Indiana fights back against Obama 'taking' from state retirees
...It takes a certain amount of either willful ignorance or arrogance to call innocent state retirees "speculators" while reward UAW retirees who were responsible for the auto mess. If justice is still available in Obama's America these retirees should win.
State governments, too, are expected to accept Washington's whims, but plucky Indiana is being obdurate. Gov. Mitch Daniels, alarmed by what he calls the Obama administration's "shock-and-awe statism," is supporting state Treasurer Richard Mourdock's objection to the administration's treatment of Chrysler's creditors, which include the pension funds for Indiana's retired teachers and state police officers and a state construction fund. Together they own $42.5 million of Chrysler's $6.9 billion (supposedly) secured debt.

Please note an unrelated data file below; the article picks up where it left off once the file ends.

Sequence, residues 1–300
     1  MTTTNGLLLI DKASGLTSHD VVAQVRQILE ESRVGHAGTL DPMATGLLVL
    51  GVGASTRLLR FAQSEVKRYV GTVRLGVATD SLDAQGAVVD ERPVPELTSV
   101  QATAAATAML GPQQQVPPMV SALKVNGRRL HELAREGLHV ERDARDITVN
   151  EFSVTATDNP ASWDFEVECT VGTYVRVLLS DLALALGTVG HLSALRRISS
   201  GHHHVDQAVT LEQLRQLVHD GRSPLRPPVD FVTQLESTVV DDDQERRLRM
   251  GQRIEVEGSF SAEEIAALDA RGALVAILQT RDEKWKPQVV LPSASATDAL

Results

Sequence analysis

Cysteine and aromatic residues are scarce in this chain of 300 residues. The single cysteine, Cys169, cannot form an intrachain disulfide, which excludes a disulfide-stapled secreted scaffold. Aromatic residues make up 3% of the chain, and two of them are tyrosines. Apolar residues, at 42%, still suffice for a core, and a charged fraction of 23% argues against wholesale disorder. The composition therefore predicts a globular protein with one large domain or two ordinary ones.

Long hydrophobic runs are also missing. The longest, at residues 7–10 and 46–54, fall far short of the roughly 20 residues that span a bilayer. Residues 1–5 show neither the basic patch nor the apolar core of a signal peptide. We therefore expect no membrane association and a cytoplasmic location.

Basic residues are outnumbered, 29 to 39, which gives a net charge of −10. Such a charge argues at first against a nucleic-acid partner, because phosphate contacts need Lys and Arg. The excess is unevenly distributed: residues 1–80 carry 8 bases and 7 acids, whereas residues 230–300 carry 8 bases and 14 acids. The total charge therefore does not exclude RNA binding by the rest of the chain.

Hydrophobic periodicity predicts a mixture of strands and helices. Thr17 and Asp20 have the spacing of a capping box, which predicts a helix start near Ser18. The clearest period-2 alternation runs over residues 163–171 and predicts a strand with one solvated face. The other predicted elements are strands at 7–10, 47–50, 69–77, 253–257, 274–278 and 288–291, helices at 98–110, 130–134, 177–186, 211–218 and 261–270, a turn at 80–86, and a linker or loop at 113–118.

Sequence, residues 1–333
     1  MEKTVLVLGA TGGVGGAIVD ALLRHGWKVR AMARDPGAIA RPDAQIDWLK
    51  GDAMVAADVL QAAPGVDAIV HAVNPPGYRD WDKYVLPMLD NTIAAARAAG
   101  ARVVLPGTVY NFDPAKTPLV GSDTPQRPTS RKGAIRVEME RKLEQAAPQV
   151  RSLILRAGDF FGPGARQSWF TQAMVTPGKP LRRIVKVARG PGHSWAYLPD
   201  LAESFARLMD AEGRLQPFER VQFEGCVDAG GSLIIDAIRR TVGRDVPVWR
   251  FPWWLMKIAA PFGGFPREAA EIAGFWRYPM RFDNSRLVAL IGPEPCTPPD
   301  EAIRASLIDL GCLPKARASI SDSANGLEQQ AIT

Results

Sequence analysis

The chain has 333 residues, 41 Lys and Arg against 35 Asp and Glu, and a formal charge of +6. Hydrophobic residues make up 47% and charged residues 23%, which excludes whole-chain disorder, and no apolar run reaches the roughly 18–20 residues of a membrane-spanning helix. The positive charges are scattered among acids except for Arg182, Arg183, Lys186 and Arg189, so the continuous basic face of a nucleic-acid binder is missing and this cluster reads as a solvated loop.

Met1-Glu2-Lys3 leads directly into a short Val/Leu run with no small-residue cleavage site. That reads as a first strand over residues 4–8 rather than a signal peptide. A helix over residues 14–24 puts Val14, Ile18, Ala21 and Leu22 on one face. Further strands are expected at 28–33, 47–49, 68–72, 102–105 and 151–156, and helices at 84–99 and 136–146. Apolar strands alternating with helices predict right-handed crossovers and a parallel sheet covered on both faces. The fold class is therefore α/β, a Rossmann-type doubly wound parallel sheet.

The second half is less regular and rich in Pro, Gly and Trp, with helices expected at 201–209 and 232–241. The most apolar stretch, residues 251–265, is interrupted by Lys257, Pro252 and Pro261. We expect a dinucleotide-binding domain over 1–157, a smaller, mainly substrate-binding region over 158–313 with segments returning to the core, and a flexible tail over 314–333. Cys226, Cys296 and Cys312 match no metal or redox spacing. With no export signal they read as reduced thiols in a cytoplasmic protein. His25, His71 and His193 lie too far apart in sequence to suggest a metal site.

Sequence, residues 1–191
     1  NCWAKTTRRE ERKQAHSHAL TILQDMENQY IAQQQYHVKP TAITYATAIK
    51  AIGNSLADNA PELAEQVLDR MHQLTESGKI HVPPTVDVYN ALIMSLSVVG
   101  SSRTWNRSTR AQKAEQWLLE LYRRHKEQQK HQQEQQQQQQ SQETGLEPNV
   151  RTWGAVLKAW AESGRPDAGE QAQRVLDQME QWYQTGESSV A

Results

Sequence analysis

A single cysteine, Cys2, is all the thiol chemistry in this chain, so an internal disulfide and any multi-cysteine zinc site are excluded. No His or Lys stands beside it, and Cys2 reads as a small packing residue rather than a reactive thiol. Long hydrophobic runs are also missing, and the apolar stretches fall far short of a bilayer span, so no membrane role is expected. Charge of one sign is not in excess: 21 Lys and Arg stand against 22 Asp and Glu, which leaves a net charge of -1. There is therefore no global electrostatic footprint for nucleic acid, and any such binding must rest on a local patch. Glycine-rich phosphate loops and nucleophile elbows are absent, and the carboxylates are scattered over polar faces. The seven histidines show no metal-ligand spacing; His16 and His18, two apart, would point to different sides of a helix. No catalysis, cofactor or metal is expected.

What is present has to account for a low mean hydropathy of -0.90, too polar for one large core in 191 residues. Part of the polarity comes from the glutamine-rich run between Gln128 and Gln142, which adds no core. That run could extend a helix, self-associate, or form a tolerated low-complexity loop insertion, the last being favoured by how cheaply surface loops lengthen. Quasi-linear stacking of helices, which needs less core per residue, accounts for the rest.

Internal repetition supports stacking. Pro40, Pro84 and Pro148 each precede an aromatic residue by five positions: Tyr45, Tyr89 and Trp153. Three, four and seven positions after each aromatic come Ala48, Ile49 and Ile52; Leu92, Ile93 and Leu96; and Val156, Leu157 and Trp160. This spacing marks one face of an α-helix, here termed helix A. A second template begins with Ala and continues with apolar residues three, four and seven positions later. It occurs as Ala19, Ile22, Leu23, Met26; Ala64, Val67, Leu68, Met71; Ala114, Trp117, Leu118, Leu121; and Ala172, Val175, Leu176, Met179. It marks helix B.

Compliant, because dependent, banks bowed to the administration's demand that they accept less than settled bankruptcy law would have given them as secured creditors. Next, the president denounced as "speculators" remaining secured creditors, who then folded and accepted less on the dollar than an unsecured creditor -- the United Auto Workers union -- is getting. This raw taking of property from secured investors penalized those "speculators" -- retired Indiana teachers and state police officers who, Mourdock says, are being "ripped off by the federal government."
He is asking a court to declare that the Obama administration's actions have violated "more than 100 years of established law by redefining 'secured creditors' to mean something less" and that the actions violate the Fifth Amendment protection against the seizure of private property. Furthermore, he says, the government is guilty of "misuse" of the Troubled Assets Relief Program, which gives the Treasury authority only to aid financial institutions, not industrial companies.
In the pre Obama world it would require a signed subordination agreement to put unsecured creditors ahead of secured creditors. Because of what Obama has done there is already a premium being paid by unionized companies who are going into the debt market. This higher price for borrowing will be added to their higher cost of labor making them less competitive overall.